This week we are taking a break in our Life Group Study in Romans 9 (don’t worry we will pick it up again later) to think about what Jesus meant by “They are not of the world, just as I am not of the world. ” Here are the notes for this week’s meetings:
The immediate context to the phrase is found in John 17:14–19:
14 I have given them your word, and the world has hated them because they are not of the world, just as I am not of the world. 15 I do not ask that you take them out of the world, but that you keep them from the evil one. 16 They are not of the world, just as I am not of the world. 17 Sanctify them in the truth; your word is truth. 18 As you sent me into the world, so I have sent them into the world. 19 And for their sake I consecrate myself, that they also may be sanctified in truth.
The context of these verses is that Jesus is praying before He faces execution. Albert Barnes says of these verses:
It adds much to the interest of this prayer that it was offered in the stillness of the night, in the open air, and in the peculiarly tender circumstances in which Jesus and his apostles were. It is the longest prayer recorded in the New Testament. It was offered on the most tender and solemn occasion that has ever occurred in our world, and it is perhaps the most sublime composition to be found anywhere. Jesus was about to die. Having expressed his love to his disciples, and made known to them his last desires, he now commends them to the protection and blessing of the God of grace. This prayer is moreover a specimen of the manner of his intercession, and evinces the interest which he felt in behalf of all who should become his followers in all ages of the world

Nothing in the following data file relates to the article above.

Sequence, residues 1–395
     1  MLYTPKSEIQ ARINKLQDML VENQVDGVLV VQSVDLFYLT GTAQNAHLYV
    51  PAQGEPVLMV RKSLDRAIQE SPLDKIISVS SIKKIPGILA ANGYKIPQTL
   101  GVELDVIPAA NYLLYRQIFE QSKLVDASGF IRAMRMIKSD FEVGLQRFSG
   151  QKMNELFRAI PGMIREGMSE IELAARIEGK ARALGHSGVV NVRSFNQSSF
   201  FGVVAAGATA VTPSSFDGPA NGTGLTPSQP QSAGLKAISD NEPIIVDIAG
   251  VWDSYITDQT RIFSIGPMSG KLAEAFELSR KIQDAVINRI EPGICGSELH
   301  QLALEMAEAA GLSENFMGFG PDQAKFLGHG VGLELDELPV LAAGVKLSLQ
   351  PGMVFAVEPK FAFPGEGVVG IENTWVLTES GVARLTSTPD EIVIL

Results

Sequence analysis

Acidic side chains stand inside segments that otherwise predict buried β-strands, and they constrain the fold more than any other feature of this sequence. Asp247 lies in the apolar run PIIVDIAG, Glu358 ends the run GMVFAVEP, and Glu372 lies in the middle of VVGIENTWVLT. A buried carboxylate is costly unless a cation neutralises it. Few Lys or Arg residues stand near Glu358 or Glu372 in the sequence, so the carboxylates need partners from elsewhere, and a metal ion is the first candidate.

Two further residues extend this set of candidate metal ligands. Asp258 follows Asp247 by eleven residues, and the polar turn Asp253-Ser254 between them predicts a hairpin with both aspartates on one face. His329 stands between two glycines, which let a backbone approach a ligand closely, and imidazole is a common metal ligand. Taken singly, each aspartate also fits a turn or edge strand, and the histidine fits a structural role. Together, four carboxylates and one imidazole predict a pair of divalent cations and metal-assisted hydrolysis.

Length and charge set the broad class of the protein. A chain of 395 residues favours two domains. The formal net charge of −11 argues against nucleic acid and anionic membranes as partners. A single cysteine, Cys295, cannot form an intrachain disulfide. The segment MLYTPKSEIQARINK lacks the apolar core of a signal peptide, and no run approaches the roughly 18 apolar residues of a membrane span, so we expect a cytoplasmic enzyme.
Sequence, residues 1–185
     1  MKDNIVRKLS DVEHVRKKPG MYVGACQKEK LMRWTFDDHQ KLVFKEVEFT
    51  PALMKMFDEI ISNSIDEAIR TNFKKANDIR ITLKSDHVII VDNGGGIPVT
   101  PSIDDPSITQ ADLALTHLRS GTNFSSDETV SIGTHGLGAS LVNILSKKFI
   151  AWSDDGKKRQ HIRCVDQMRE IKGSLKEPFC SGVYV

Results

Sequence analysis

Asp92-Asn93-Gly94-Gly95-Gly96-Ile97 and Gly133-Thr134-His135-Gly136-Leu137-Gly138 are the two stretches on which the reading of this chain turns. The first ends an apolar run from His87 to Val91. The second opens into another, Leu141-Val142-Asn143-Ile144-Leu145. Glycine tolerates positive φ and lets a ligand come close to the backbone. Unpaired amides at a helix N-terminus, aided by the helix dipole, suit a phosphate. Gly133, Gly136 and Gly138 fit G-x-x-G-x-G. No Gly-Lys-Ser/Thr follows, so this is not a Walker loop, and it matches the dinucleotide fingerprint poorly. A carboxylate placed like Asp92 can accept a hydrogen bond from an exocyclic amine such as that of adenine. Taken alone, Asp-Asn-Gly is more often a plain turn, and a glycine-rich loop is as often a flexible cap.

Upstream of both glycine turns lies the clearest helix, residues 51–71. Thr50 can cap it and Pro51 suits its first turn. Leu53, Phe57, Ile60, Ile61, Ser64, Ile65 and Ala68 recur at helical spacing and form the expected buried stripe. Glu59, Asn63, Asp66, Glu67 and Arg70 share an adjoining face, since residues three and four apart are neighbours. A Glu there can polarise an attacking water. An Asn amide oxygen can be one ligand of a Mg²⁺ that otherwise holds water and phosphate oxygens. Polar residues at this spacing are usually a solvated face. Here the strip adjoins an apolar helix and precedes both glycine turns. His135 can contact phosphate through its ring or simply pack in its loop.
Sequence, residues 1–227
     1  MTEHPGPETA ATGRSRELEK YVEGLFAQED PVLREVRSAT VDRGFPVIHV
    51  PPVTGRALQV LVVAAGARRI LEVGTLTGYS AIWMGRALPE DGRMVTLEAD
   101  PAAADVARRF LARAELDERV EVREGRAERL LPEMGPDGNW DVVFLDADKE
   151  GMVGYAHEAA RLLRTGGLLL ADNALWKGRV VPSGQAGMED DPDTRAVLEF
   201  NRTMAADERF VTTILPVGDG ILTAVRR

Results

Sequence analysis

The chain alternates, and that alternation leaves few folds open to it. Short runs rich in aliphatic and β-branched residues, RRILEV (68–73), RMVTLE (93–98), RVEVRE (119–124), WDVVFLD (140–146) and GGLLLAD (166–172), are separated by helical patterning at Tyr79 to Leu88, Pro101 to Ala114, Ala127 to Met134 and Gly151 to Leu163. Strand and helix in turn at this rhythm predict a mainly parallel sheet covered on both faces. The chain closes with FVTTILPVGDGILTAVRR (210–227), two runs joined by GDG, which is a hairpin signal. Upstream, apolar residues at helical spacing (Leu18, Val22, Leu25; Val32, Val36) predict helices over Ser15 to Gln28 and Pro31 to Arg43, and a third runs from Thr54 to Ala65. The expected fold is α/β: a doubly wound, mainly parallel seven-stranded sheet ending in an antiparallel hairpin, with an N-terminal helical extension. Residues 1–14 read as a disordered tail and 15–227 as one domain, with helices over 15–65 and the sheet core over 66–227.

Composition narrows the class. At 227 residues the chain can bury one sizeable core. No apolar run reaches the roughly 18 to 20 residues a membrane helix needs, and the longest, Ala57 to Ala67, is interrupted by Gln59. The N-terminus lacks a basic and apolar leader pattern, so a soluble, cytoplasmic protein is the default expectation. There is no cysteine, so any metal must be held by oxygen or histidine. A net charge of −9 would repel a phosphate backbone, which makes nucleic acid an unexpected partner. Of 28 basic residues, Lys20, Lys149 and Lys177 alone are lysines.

Barnes, A. (1884–1885). Notes on the New Testament: Luke & John. (R. Frew, Ed.) (p. 352). London: Blackie & Son.
There are three things worth discussions (and although these verses are packed with truths, our specific focus is on verse 16 only)
- We are in the world. Look at John 17:11 where Jesus says “And I am no longer in the world, but they are in the world”. This has to do with our PRESENT LOCATION
It’s interesting that part of Jesus’ prayer is to mention that we are in the world. This is because the Christinan is like an astronaut in outer space: we are living outside our natural element. It is absolutely possible to survive here, but we need extra protection. This world is not our home. The problem for many is that we become too attached to the world. We get caught up in the world’s system and values. We become seduced by materialism and influenced by selfishness.
- We are not of this world. Look at verse 14 and 16 where Jesus repeats the phrase “they are not of this world”. This has to do with our POWERFUL DISTINCTION. Jesus is reminding us that there should be a distinction about our lives that marks us as different. We are set apart. The word the Bible uses is “holy”. That’s not supposed to carry any kind of hint of superiority or arrogance. Simply put, the holy person is an odd person. The odd one out. Different. Different in what way? In the values and motivations that we have. cf. 1 Peter 1:16
- We are not out of this world. Look at verse 15. This has to do with our PENETRATING INCLUSION. Jesus was no escapist! He never suggested that we become monks and isolated ourselves from the world. He told us to jump in with both feet and live like Christ right where we land.
So this is talking about transcendence: living for a Kingdom whilst inhabiting another. We are to reflect the priorities and values of God, whilst living on the earth. Just like Jesus did.
Two questions that Jay Kim asks in his book Analog Church that are particularly relevant to this discussion are this:
- In what ways are you a derivative of the cultural moment and in what ways are you a disruption to it?
- What are some specific, practical ways you can begin to help your church community live in “creative, prophetic” opposition to the perils of the digital age by “gathering when the world scatters, slowing down when the world speeds up, and communing when the world critiques”?